The Yankees’ problem? Lack of “killer instinct”

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That’s Bob Klapisch’s view in his column this morning anyway. A-Rod and the Yankees couldn’t get a key hit against Joaquin Benoit or Max Scherzer last Thursday because, well, they just couldn’t will it to be so:

The past-era Yankees had a ferocious trait that couldn’t be quantified. It was an intangible expectation of victory – even if that very term now is politically incorrect among baseball’s intelligentsia. Girardi, who was part of the championship run from 1996-2000, is so brainwashed he suggested those four rings were influenced, in part, by luck. Try running that by Tino Martinez, Paul O’Neill and David Cone.

But that’s how the present-day Yankee family is making peace with their collapse against the Tigers – it was the wrong time, the wrong set of circumstances, just the wrong karma.

He blames the 2011 Yankees’ failure to make it out of the first round on “a killer instinct that never was honed.”

Just once — once! — I’d like to see someone identify a killer instinct before the end of a team’s season rather than after it.  Because until that happens I’m going to believe something very shocking: that stuff like this is all ex-post-facto narrative building, not baseball analysis that is useful in the slightest.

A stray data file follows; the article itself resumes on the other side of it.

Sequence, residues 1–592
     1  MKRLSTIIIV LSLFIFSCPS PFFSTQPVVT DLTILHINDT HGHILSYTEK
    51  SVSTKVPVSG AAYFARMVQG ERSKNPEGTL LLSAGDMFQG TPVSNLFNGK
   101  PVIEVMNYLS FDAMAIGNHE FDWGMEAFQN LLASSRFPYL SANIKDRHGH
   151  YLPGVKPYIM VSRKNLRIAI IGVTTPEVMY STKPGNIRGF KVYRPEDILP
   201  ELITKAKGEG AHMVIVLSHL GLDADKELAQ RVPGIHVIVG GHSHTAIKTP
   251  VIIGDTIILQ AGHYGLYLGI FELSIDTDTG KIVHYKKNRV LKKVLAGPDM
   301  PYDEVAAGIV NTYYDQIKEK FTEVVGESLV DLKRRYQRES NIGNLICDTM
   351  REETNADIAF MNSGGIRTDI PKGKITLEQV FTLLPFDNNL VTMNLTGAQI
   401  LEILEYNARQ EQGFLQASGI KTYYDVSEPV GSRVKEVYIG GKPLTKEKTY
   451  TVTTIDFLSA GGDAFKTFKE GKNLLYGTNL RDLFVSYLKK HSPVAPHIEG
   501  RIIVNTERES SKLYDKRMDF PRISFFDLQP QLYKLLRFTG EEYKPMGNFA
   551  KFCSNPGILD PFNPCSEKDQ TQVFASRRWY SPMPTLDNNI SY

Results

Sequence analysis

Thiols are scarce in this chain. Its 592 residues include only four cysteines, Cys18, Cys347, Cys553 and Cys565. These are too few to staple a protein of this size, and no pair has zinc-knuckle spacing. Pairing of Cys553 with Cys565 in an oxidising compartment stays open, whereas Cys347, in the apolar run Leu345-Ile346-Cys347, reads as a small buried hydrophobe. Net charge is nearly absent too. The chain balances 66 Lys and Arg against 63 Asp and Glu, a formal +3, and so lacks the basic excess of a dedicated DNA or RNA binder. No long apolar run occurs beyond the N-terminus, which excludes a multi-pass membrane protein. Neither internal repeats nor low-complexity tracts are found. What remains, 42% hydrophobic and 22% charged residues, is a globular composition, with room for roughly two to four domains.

Not that anyone would ever cop to that.  Because to do so leaves us in this world, and that would make everyone who claims to be an expert about such matters feel less important and wise.

The Yankees Twitter account roasts the Red Sox account on the anniversary of “The Steal”

Associated Press
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Today is the 13th anniversary of one of the most exciting and iconic plays in postseason history. On October 17, 2004, the Yankees and the Red Sox faced off in Game 4 of the ALCS. The Yankees had a 3-0 lead in the series and held a 4-3 lead in the bottom of the ninth. The Red Sox were three outs from being eliminated by the Yankees. Again.

Kevin Millar led off the inning facing Mariano Rivera and worked the greatest closer in baseball history for a walk. Terry Francona inserted Dave Roberts as a pinch runner. Everyone in the building knew that Roberts had one job: get to second base and scoring position. Despite everyone knowing it was coming, Roberts swiped second base. He’d come around to score, the Sox won the game in 12 innings, would win the next three and the World Series, completing the greatest comeback in postseason history and ending an 86-year championship drought.

Understandably, the Red Sox wanted to remember that wonderful day today. So they tweeted about it:

The Yankees, however, weren’t gonna let that one go by:

Savage.